Our priority is to identify the most — and least! — effective and culturally appropriate uses of EdTech for promoting better learning outcomes for children and young people in low-income countries. Our main aim is to make the evidence we are gathering and generating accessible, robust and actionable by researchers and decision-makers (including policymakers and donors). Ultimately we hope to significantly improve the educational experiences of many learners and to guide others within the sector.

This means we’ll be undertaking and commissioning research on interventions with the potential to scale — at a systems level. It also means we don’t start with any assumptions about the promise of particular forms of EdTech but look for added value above and beyond other approaches. We embrace low-tech such as radio and TV programmes as well as high-tech interventions. We’ll look at cost-effectiveness and prevalence of ownership as well as limitations. And we explore the factors constraining and enabling implementation and equity.

Research team

The three Research directors include myself, Sara Hennessy, based at the REAL Centre at the University of Cambridge (UoC), David Hollow of Jigsaw Consult, and Björn Haßler of Open Development & Education. We have a fantastic team of researchers (listed on the UoC Hub web page) with a wealth of complementary experience and expertise of different research methodologies, country settings and technology applications in education that we can draw on. We’ll all introduce ourselves in more detail in future blog posts. We’re thrilled to be working together on this exciting programme.

Our approach

Now that I’ve introduced our research vision as a Hub, let’s focus in on the activities within the research sphere. Our remit is to explore the potential for using EdTech to make a contribution towards achieving Sustainable Development Goal 4. Quite obviously, tech alone cannot solve the global learning crisis. We also know there are many systemic constraints on EdTech use that the Hub cannot overcome on its own or within the lifespan of the programme (see recent UNESCO Global Education Monitoring Reports). That said, we are confident of illuminating ways of making progress and guiding future large-scale investments in EdTech in low-income environments towards more fruitful initiatives and equitable uses. The sad fact is that most initiatives to date have failed to be impactful, sustainable or scalable. (We’ll elaborate on the underlying reasons in a future output.)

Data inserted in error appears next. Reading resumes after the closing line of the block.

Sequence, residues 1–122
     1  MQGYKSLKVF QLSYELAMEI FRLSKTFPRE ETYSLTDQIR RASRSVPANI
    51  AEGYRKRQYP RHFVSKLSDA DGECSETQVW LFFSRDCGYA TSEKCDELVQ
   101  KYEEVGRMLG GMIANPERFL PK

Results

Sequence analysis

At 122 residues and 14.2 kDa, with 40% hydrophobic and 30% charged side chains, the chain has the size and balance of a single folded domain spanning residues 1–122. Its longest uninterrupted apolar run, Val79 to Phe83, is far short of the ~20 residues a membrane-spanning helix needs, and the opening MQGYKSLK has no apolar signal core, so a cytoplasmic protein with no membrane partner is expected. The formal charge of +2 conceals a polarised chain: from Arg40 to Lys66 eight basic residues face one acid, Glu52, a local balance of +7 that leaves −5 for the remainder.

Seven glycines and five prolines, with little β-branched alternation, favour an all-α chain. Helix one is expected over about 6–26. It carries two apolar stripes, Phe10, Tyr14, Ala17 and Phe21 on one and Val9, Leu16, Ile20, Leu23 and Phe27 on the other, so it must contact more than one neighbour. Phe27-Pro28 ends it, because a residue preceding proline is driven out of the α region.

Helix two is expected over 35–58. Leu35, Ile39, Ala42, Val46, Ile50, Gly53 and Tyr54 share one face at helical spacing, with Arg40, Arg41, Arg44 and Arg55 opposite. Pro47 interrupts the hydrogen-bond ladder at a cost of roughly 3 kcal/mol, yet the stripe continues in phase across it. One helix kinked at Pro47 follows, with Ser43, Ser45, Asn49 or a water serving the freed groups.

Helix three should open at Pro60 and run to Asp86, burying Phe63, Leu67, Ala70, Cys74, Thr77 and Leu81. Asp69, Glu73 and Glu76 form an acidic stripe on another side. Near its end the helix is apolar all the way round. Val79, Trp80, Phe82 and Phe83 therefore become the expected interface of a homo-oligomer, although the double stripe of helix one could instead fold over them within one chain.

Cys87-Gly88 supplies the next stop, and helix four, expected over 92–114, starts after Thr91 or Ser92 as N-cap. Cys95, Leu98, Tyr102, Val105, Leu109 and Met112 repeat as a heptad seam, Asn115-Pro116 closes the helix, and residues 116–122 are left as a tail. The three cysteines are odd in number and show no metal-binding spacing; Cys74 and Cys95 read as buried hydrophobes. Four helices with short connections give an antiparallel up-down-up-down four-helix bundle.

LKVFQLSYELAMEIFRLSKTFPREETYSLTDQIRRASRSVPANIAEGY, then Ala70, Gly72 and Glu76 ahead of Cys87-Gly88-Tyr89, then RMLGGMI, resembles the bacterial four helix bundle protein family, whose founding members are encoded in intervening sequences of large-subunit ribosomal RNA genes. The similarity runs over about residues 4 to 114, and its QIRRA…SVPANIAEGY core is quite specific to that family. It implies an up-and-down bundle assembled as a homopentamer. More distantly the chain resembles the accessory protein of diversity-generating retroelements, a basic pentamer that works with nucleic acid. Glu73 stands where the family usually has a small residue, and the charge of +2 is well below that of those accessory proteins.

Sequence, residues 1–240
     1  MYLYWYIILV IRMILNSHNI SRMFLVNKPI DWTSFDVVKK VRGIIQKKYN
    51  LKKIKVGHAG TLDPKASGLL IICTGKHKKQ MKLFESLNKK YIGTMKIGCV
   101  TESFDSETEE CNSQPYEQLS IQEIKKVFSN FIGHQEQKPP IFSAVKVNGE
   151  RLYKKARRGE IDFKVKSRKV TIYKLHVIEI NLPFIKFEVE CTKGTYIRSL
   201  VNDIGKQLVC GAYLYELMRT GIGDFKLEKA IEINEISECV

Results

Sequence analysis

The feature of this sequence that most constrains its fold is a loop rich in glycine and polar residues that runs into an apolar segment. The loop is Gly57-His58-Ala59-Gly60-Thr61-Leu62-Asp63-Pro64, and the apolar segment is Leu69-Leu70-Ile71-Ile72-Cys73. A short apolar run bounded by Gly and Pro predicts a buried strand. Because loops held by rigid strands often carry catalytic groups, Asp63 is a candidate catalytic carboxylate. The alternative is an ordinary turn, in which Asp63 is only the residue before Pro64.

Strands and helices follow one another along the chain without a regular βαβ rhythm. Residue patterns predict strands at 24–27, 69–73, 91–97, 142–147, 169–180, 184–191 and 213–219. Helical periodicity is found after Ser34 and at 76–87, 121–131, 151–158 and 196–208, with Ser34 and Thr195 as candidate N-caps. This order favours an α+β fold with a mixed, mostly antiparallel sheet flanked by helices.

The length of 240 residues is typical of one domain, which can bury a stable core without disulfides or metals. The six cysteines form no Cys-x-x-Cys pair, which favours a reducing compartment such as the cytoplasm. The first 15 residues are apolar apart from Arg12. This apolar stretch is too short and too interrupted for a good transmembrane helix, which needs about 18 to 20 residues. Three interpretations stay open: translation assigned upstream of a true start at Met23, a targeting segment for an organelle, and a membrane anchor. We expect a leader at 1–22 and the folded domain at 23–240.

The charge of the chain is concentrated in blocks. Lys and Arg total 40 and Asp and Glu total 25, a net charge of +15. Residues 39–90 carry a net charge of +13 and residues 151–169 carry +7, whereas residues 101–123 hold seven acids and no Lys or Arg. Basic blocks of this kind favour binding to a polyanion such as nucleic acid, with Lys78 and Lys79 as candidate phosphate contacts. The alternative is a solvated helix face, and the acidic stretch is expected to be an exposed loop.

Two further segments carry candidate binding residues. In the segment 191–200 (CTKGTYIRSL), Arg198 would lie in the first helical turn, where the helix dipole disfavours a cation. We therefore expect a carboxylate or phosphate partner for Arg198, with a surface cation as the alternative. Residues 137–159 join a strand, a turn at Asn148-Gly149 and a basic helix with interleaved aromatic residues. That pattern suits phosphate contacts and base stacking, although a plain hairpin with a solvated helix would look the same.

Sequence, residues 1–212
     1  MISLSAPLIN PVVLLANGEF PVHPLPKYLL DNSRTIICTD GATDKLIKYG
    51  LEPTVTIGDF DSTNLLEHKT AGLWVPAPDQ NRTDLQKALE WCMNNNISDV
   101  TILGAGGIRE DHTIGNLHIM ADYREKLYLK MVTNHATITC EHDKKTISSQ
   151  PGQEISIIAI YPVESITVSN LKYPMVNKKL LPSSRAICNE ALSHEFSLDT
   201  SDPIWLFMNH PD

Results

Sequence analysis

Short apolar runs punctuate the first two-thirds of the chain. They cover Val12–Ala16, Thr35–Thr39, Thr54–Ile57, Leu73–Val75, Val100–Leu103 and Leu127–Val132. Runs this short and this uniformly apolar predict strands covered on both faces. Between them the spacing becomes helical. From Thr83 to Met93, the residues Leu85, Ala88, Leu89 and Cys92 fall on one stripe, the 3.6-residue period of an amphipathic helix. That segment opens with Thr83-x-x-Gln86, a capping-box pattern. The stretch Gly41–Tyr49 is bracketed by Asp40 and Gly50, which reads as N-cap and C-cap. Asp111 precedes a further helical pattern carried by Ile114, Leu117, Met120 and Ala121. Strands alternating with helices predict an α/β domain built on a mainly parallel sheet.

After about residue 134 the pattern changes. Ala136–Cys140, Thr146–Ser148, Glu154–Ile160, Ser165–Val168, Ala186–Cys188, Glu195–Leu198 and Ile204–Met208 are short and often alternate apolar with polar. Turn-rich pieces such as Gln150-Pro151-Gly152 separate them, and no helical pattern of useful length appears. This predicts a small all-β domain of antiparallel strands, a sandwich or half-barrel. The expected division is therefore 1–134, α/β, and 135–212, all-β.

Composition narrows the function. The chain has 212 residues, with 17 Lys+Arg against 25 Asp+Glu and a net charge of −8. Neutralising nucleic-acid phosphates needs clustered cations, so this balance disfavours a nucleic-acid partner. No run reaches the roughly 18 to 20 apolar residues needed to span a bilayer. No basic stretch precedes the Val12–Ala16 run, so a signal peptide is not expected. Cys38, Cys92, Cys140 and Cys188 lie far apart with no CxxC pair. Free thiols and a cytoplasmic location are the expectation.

We will be looking at the field through a critical lens, since technology alone has no agency or transformational “impact” on learning. The most popular developments in the field are not necessarily the most promising. For instance, placing thousands of mobile devices in the hands of learners may be a marvellous ideal in theory but may not prove cost-effective. Likewise, apps can be educational but alone have significant limitations. The evidence base itself is weak, often based on small-scale, biased, instrumental evaluations. Therefore, we will draw on the growing body of literature taking a similarly critical approach, including highlighting unintended consequences of use, for example:

Selwyn, N. (2016) Minding our language: why education and technology is full of bull**** … and what might be done about it. Learning, Media and Technology, 41(3), 437-443.

Closely related is our focus on supporting and empowering teachers. Teachers are marginalised in many EdTech initiatives yet we know that low teaching quality constitutes a major obstacle to learning in under-resourced contexts. Pedagogy for effective, purposeful and active interaction with EdTech is all-important, as is a sense of ownership.

Finally, we hold a “situated” perspective, shunning terms like “best practice”. After all, who decides what is best, best for whom, in what circumstances and contexts, for what kinds of learners…?  The process of identifying and developing effective practices must take careful account of relevant context-specific factors.

What are we actually doing now/soon?

Taking stock of the field by

  • Analysing problems with existing initiatives and evidence;
  • Comprehensive survey of methodologies for systematic reviews and developing our own approach, parameters and keywords;
  • Conducting a systematic review of literature underpinning our research focus: trialing manual searches then automated ones;
  • Mapping and reflecting on EdTech projects/programmes in LICs.

Establishing our scope: primary and secondary school-level learning (formal, informal) and teacher education (pre- and in-service). An equity agenda is important here. We prioritise the most marginalised learners – including out of school, rural and remote, displaced and refugees, girls and those with disabilities.